• Lawyers should encourage being challenged by clients.  My clients have found errors in my agreements or misunderstandings of what I thought they wanted and their speaking out has assisted the case in moving forward.  It’s in many ways a team-effort and although lawyers have greater training and are considered the “expert” in the matter (that is why they are being paid), everyone is fallible and today’s clients are more sophisticated than ever thanks to technology and the internet;
  • Lawyers and clients should not be afraid to walk away if a case is not a good fit.  I’ve had cases or clients where I’m simply not a good fit.  A long initial consultation hopefully weeds these cases out but sometimes it only becomes apparent after a few weeks or months.  It is a situation that rarely improves and can be harmful to both parties. The initial consultation is a mutual vetting process.  There should be no hard feelings on either side if one party or the other decides not to work together.
  • Lawyers should provide resources to clients to advise them about the process and should not sugar-coat the process or the likely results. I provide many blog posts, a NJ divorce E-course program/email subscription, and a free NJ Divorce E-Book on the process so that clients may learn as much or as little as they wish on their own.  This saves clients time and money and helps make discussions between attorney and client more productive. Many other lawyers do the same. I would rather a client seek resources through my website (that I have drafted and/or vetted) rather than from the internet at large, which may contain information that is inaccurate or relevant to other jurisdictions.

But When Should A Client Change Lawyers?

Enough dancing around the issue though, at what point should a client change lawyers in the middle of a divorce? The answer is nuanced and nobody can make the decision except the client. Changing divorce lawyers in New Jersey may also require certain court procedures such as entry of a substitution of attorney. Just like I advised my friend, here are some considerations to determine whether the attorney-client relationship is beyond repair:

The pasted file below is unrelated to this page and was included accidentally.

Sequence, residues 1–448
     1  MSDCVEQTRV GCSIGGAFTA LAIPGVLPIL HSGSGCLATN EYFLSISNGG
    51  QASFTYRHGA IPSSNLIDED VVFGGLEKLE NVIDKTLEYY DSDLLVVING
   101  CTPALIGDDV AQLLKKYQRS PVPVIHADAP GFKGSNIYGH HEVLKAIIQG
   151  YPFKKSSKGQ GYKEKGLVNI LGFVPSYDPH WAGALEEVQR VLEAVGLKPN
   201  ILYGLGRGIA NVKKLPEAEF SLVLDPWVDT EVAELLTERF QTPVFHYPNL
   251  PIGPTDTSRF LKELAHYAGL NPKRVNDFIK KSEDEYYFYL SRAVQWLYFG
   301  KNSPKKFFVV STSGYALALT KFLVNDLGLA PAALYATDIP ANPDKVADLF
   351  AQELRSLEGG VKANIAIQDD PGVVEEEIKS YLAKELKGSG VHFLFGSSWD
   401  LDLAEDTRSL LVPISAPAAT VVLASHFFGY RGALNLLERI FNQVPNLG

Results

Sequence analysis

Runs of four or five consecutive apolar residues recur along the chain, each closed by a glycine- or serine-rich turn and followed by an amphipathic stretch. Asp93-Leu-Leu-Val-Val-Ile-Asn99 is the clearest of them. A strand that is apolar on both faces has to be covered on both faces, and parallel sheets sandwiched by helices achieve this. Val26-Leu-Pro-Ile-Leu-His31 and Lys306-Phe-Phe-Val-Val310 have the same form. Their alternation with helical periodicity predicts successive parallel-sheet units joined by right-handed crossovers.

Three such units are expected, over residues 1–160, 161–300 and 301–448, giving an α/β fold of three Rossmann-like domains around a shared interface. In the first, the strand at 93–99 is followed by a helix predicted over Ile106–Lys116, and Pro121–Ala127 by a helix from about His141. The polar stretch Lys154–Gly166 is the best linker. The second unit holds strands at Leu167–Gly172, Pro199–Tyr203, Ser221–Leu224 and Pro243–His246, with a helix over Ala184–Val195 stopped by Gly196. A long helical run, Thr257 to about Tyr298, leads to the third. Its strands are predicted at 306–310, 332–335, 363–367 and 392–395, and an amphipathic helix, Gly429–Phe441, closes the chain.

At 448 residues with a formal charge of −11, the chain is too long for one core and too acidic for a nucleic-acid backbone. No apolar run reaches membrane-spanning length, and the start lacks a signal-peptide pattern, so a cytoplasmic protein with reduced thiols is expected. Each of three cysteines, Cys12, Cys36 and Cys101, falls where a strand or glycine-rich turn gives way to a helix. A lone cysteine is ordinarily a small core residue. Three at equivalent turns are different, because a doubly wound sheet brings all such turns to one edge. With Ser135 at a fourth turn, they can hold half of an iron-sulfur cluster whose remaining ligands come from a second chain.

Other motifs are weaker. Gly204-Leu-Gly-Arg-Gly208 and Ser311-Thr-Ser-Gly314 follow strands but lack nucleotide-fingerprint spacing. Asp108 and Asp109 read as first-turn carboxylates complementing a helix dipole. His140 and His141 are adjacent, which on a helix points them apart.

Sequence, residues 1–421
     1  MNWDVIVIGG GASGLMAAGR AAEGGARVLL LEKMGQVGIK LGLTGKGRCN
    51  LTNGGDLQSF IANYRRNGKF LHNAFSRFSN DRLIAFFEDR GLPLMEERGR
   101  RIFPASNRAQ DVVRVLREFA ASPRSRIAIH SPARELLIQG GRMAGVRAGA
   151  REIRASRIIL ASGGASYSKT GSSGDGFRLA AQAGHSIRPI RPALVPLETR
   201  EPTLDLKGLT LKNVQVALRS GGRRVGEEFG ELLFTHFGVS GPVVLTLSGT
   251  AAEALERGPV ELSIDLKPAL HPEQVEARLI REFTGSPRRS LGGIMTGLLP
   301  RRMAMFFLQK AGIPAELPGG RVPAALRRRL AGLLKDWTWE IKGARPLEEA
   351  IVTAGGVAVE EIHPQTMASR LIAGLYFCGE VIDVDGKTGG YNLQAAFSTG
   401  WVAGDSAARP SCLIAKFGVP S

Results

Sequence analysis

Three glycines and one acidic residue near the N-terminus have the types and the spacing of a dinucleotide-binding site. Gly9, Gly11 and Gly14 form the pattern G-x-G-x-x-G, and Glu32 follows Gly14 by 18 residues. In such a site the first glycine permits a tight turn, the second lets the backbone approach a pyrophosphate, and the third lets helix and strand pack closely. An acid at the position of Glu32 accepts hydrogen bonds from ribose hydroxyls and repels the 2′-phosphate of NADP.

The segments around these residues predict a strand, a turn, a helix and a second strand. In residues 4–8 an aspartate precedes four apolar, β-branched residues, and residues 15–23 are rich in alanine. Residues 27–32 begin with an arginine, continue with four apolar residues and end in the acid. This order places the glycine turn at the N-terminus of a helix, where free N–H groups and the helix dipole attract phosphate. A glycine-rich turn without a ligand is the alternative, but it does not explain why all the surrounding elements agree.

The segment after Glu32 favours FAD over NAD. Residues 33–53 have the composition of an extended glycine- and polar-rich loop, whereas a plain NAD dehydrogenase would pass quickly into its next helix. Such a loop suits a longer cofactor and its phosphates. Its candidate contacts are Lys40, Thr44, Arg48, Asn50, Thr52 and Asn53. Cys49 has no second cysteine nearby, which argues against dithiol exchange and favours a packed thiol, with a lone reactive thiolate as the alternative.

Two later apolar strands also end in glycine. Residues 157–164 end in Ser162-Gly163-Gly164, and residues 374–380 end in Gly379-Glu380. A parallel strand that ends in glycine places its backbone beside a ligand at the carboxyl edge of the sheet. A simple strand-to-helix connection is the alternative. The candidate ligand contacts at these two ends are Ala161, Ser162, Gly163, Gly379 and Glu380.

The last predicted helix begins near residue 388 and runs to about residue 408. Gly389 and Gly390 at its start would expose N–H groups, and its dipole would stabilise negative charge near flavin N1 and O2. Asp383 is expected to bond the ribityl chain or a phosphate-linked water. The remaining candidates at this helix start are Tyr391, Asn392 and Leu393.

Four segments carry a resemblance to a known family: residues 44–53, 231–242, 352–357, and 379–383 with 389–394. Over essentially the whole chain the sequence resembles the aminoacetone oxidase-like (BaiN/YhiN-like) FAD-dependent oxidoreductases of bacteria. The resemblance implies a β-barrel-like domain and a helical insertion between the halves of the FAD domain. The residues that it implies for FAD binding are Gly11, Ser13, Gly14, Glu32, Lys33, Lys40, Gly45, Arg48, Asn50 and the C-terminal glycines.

• When you hire a new lawyer in the middle of the divorce, you will likely have to pay money (sometimes a substantial sum) for the new lawyer to read all the prior pleadings, correspondence, and other documents and to get up to speed.  This should be a consideration in determining whether to make a change.
  • Some attorneys see a perspective client with multiple attorneys as a potential red flag.  It is the policy of some attorneys to never accept cases they do not start.
  • But beware the sunk cost fallacy: a bad bargain or bad relationship may not improve in time (things tend to get worse, if anything) and staying in a bad attorney-client situation just because you already paid a lot of money may not improve your situation.
  • You only get one shot at a divorce – once you have a global divorce agreement, that is it.  Although you can often modify terms post-judgment, if you are dissatisfied it’s best to take action before the divorce trial or before signing off on a binding agreement.
  • Be honest about the situation: is your lawyer really incompetent or acting inappropriately or are you merely upset about the case in general? Even with a great divorce lawyer the results may not be all you hoped, the case may take longer than expected, and may cost more than you desired to spend. There are many factors at play in a divorce, some of which are out of our control.  Consider therapy to help you deal with the stress of a long, drawn-out divorce.
  • Does your lawyer communicate with you on a regular basis?  Does the lawyer quickly return you calls? Explain your invoices if asked? Answer your questions?  Seem to know what they are talking about? These are the baseline requirements and may even be ethical imperatives.  If these questions are not in the affirmative then it may be worth considering new counsel.

Conclusion

Only you can determine whether an attorney-client privilege is worth continuing. I hope the above assists you in considering the unique nature of a New Jersey Divorce Lawyer/Client relationship.

Your New Jersey Divorce Lawyer:

If you’re considering a New Jersey divorce or Family Law action contact me to discuss your options.  You can schedule an initial consultation by calling my office at 908-237-3096 or by scheduling your own divorce consultation online by clicking here.